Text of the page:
"I try to convince him to rest, drink water, eat healthily, and sleep, as well as to be selective in what he agrees to and to say no to some things," Grady told CNBC. "Since the pandemic began, I believe we've attempted to walk every day, even if it's late at night. It is for the benefit of both mental and physical health." Grady revealed to InStyle that "we work too much." "He works longer hours than I do. I've been working from home, which provides an environment devoid of restrictions. I wake up in the morning and immediately head to my computer, where I work until the evening. Monday and Saturday are interchangeable. There is no distinction between the hours of 10 a.m. and 10 p.m."

Fauci's unexpected elevation to prominence has been a source of concern for his family. Grady and his daughters have been subjected to harassment as a result of the threats. Being a target "bothers me less than my wife and children being harassed," Fauci told 60 Minutes. Grady felt justified in his defence of Fauci in response to Trump's criticism: "When he is vilified, it feels unjust to me because he is working so hard for the right reasons."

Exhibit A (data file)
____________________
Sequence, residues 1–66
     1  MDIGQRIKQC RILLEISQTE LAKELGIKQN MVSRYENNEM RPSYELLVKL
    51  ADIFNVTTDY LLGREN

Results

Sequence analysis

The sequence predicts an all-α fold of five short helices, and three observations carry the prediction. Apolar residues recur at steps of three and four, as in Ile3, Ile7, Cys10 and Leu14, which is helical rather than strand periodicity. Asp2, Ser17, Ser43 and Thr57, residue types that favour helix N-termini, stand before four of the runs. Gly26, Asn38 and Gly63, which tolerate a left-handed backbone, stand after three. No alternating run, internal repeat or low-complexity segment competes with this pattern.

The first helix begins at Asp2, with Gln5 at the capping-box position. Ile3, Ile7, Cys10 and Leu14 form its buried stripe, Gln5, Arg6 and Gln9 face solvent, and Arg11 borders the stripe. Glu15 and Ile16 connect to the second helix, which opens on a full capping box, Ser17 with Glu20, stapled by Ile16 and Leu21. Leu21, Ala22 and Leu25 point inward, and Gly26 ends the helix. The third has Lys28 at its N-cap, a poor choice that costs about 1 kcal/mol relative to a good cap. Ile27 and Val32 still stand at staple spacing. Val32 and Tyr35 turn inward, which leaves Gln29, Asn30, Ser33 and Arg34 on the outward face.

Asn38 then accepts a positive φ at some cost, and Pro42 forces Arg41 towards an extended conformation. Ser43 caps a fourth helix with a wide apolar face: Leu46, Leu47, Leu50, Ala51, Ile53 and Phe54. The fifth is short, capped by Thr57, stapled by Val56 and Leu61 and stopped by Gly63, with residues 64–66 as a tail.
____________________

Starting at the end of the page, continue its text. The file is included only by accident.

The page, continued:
The couple seemed to be sticking together despite the pandemic's difficulties. Grady surprised him on his 50th, 60th, 70th, and even 80th birthdays, when she arranged with his security to get him home by 5:30 p.m., when Fauci discovered a virtual gathering of friends from around the world. "She is a prodigy at deceiving me," Fauci explained to The Guardian. "I mean, it's quite difficult to fool me." They adore wine and pasta (both of which are relatable!)—he has been known to make homemade rigatoni with sausage for fun. They clinked wine glasses across the kitchen counter in a 2015 CBS interview while Fauci remarked, "Salud." As one might assume, they don't watch much television, although Grady favours cop dramas like Chicago P.D., while Fauci prefers action films like the Bourne trilogy.

"Quite simply, the thing for which I'm most grateful is you," Fauci said Grady during an NPR interview last Thanksgiving. Grady responded, "Certainly, we have each other."

Dr. Fauci and Dr. Grady (who later earned a PhD in bioethics) are married with three daughters and are a medical power couple spearheading the fight against the coronavirus 35 years later. Everyone is aware that Fauci oversaw the US medical response as head of the National Institute of Allergy and Infectious Diseases and as President Biden's chief medical adviser. Meanwhile, Grady is the chief of the bioethics department at the National Institutes of Health Clinical Center — a job she has been doing remotely from their Washington kitchen table — studying the pandemic's ethical issues, which include patients dying alone due to a lack of visitors, health care workers lacking adequate PPE, and the threat of hospitals reaching capacity. Grady wrote a study last year on the problems confronting frontline nurses.